Barriers to Transforming Healthcare: The Plight of the Provider

Much of the focus at AHIP Institute 2012 has naturally been on the issues that affect health plans and payers. However, one session in particular focused on some of the barriers and issues that providers face in today's complex healthcare environment.

Much of the focus at AHIP Institute 2012 has naturally been on the issues that affect health plans and payers. However, one session in particular focused on some of the barriers and issues that providers face in today's complex healthcare environment.

Hal Teitelbaum, MD, JB, MBA, Managing Partner and CEO, Crystal Run Healthcare, led a presentation focused on what providers need to truly transform healthcare. He began by saying that he wasn’t entirely certain that payers want to move forward with the process of transforming the current healthcare system, saying that he has heard very little about payers expressing interest in partnering with providers in order to improve value.

“At the end of the day, if we are going to get to a value-based system, it’s going to take a deep conversation between providers and health plans and that is not happening the way it should be,” said Dr. Teitelbaum.

Another issue that Dr. Teitelbaum spoke about was the difficulty that providers have in acquiring data from health plans. He mentioned that these health plans have the most sophisticated systems in healthcare, as well as access to data that providers do not, such as the claims data. Yet, in those instances when providers are actually able to get the data, it is often times in different languages, not formatted in an easily understandable way, it is so old that it is no longer actionable.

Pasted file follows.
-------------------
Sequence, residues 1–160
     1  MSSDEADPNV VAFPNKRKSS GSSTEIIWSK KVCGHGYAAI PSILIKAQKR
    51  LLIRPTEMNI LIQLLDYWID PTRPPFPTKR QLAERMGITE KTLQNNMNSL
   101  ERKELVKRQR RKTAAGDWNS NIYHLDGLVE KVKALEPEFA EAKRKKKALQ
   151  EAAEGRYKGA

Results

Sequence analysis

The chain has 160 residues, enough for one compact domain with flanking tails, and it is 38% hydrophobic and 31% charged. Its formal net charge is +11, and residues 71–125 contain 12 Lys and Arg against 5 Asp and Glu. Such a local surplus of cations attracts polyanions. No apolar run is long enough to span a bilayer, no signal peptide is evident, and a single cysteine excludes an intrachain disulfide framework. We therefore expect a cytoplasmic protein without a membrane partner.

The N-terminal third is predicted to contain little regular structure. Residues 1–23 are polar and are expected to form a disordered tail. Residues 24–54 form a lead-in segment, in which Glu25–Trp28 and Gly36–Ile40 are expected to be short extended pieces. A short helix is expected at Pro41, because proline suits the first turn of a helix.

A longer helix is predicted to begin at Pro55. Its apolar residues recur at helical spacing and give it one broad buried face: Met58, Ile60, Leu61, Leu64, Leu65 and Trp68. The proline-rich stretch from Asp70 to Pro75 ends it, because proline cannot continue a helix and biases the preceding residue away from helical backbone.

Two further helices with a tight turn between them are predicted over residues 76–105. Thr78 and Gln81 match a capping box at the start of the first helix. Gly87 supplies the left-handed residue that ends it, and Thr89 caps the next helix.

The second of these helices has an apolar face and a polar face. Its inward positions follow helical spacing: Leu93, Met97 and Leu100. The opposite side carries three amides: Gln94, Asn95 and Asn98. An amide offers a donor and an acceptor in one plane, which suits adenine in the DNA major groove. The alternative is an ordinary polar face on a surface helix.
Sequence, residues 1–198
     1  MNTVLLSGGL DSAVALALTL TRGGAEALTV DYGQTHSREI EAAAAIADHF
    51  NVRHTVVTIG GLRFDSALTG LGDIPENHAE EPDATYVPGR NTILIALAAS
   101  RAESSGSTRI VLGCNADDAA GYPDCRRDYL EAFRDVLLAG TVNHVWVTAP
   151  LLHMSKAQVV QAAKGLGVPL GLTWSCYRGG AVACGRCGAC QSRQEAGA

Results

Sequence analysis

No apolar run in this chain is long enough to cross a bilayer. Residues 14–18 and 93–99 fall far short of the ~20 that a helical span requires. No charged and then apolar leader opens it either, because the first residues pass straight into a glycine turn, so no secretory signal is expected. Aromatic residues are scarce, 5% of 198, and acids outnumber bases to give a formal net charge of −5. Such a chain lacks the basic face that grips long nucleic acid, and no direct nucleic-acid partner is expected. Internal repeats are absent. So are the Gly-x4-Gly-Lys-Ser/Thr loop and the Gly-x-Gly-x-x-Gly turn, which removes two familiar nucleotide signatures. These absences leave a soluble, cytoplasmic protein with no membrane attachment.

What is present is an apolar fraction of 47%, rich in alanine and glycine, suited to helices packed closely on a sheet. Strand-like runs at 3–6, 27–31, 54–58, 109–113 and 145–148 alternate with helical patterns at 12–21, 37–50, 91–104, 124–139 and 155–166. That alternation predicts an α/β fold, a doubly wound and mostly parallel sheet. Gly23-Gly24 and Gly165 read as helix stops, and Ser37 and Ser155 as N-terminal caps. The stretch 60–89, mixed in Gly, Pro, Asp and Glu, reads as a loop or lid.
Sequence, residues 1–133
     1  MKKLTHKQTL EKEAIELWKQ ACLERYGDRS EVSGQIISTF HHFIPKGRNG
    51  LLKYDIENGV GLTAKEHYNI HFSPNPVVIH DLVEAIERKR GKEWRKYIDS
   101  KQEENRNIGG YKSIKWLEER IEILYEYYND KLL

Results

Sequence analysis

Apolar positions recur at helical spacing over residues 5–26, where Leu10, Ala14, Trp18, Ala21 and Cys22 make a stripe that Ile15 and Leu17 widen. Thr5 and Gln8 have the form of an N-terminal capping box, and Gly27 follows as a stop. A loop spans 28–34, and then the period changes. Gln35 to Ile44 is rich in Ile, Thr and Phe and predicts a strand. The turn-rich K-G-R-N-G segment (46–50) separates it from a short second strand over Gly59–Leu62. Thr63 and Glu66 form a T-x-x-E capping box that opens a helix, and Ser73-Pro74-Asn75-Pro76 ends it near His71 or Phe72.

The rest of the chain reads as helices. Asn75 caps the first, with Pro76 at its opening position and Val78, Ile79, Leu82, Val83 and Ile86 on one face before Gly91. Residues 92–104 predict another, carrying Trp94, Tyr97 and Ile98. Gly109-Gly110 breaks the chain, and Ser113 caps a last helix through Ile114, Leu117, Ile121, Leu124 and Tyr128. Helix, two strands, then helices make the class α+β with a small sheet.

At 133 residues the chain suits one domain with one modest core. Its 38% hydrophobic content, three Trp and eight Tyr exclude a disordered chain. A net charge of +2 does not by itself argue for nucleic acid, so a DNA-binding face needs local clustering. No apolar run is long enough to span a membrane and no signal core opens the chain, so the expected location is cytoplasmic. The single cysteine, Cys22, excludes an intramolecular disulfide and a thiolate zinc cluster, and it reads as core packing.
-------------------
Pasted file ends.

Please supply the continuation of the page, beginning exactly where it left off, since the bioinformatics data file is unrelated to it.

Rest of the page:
If payers were able to assist providers with actionable data in real time, Dr. Teitelbaum believes that this would be a very significant step forward in transforming the delivery of care. “If payers and providers don’t stop talking at each other and being adversaries, health plans will be little more than commodities and providers will be little more than well-trained technicians,” he said.

It seems as though the issues that Dr. Teitelbaum speaks about are more prevalent in certain geographic areas; however, it is clear that payers and providers must make more of an effort to help one another and work together if there is going to be any real improvement in healthcare outcomes and costs.

To learn more about this session, please visit the AHIP Institute 2012 website.